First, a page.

Agree 100%. Should be a MUCH flatter payout. So much of that big prize money never re-enters the poker economy. Before you know it, the poker tournament well will run dry.

I'd also recommend getting rid of payout tiers/jumps and make every place payout a slight increase over the previous. Then you could get rid of hand for hand play and payout bubble scenarios. Those really slow down the action and are quite annoying in the big field tourneys.


over 6 years ago

The very reason for hand-for-hand play is to ensure that players are paid in proper order; by making every place payout an increase over the previous you make hand-for-hand play necessary from the payout bubble to the tournament's conclusion, else there will surely be many a protest even at a 200-player daily tournament.

Hand-for-hand play = necessary evil.


over 6 years ago

I asked my wife and here's my response: I'm 99.99998% sure the reason I don't play the Main Event is the $10,000 entry fee and she "suggests" that's an unreasonable amount of money to play a silly poker tournament. 0.00001% is because you're in Las Vegas for eight full days of poker before you're getting a sniff of the final table, and yes, 0.00001% is because the ninth place finisher makes less than $1,000,000. It's like saying you don't buy the 2014 Rolls Royce Wraith for $238,000 plus tax is because it's only got two doors.


over 6 years ago

If you are 99.99998% likely to never play because the buy in, do you really think he's talking about people like you?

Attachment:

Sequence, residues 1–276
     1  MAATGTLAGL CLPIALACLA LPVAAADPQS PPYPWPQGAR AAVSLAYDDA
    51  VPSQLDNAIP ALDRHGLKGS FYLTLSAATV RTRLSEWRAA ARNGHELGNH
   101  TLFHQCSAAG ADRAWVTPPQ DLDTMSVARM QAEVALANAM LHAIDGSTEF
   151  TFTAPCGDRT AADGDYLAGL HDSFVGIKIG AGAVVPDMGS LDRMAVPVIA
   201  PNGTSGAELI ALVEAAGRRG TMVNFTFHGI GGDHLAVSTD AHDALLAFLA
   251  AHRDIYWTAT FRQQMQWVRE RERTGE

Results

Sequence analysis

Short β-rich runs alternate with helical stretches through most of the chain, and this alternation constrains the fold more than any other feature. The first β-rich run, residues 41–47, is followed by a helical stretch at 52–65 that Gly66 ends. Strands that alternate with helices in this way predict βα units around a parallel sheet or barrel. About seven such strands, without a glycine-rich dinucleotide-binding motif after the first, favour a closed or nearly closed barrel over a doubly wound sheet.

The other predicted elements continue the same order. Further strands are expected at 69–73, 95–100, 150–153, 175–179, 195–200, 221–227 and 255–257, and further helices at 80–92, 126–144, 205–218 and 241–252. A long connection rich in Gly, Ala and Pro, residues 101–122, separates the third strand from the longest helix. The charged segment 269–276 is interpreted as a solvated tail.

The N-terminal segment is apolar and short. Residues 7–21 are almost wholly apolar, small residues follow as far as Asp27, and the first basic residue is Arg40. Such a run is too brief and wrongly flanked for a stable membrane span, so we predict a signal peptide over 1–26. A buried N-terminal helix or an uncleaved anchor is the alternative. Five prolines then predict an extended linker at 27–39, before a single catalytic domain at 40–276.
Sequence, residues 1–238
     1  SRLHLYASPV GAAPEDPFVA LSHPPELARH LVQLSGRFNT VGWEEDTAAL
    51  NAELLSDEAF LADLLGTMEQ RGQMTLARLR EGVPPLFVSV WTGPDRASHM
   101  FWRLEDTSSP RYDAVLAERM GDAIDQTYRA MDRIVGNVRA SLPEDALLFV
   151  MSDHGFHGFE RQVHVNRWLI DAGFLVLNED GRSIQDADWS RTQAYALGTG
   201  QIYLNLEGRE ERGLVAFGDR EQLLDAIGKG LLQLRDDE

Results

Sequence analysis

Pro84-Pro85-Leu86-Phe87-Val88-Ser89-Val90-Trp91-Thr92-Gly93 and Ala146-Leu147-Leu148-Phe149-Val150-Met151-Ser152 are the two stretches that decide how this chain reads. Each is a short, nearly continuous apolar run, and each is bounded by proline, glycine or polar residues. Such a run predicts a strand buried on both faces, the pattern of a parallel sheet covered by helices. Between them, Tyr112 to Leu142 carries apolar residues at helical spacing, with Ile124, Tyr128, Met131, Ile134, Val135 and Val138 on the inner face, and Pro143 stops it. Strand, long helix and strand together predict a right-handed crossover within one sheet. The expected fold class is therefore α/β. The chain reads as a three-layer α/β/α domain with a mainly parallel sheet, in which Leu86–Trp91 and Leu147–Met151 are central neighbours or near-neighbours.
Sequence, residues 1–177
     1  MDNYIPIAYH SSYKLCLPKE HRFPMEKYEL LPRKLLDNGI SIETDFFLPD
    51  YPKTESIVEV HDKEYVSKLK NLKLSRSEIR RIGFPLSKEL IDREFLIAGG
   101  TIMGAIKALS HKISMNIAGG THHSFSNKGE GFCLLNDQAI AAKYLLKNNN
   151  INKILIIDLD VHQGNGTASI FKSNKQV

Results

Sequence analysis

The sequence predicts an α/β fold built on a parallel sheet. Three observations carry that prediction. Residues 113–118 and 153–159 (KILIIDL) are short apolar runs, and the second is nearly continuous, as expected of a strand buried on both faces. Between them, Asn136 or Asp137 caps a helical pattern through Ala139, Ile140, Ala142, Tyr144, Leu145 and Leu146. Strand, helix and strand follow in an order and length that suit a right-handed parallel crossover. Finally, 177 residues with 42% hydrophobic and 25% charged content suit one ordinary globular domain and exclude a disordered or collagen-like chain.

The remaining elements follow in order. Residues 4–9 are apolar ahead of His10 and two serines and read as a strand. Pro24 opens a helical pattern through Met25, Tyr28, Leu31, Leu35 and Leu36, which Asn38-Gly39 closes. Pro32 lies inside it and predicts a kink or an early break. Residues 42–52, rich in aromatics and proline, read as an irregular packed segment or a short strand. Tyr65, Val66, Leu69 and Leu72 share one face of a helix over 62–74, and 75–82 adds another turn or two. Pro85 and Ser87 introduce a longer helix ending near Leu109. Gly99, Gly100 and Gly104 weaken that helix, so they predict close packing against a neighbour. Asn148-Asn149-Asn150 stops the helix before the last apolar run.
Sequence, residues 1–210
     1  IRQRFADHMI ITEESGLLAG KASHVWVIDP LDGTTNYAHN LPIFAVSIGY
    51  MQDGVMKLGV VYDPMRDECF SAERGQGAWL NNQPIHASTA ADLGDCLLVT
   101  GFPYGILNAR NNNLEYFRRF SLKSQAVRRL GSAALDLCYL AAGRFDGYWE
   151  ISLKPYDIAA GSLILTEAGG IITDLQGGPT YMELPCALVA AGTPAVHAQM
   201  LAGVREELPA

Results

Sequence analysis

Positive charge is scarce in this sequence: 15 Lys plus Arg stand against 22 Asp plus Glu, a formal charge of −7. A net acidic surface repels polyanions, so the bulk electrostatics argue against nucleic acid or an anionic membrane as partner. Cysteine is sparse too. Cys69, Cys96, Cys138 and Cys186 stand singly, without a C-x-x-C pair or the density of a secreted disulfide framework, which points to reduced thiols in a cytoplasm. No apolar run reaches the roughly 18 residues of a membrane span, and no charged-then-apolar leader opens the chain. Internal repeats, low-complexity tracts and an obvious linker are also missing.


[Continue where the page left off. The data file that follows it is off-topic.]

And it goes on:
Also, if you are so unlikely to play, and don't care if making the FT gets you $1MM, or if you have a better shot at min cashing, then I highly doubt you care anything about the $10MM first prize anyway.


over 6 years ago

Sounds like this has nothing to do w/ attracting players but more so for increasing TV ratings for the November 9 broadcast. Negreanu makes the point that ""Make the WSOP final table, become a millionaire."Better tag line then "Beat 8000 players, win $10 million." Easier sell guys it's not close" - but for a TV audience, "One of these players will will walk away with $10M" sounds much more interesting to watch than "All of these players have already won $1M." The money is in the TV revenues, not in the number of participants. People who run the WSOP's goal, just like any other business people is to maximize profit - not to keep players happy. They seem to know what they're doing.


over 6 years ago

Way better concept to guarantee a milli fr making the November nine,if you made it thru seven days and 8000 players,you deserve to get paid a mil.


over 6 years ago

Sounds like a great idea.


over 6 years ago

Simple obvious formula that is good for players, TV, and pros:

Guaranteed 10 million for 1st, 5 mill for 2nd, 3 million for 3rd, continued drop toward 9th that pays 1 million!
Also guarantee payout to 1000 players! Expect 7000+ so almost 15% paid. It's not 20% that some people suggest, but it is a 50% increase from 10%! And it leaves more money for the higher tier, so both ends win. Plus, the '1000 player payout' looks attractive in an ad!
In order for this to work (1000 players cash and 1st to 9th is 10-1 Million), the min cash will only be 15k and a very infrequent minimal steady payout climb until reaching approximately 100-150 players; after that the jumps are more frequent and higher naturally.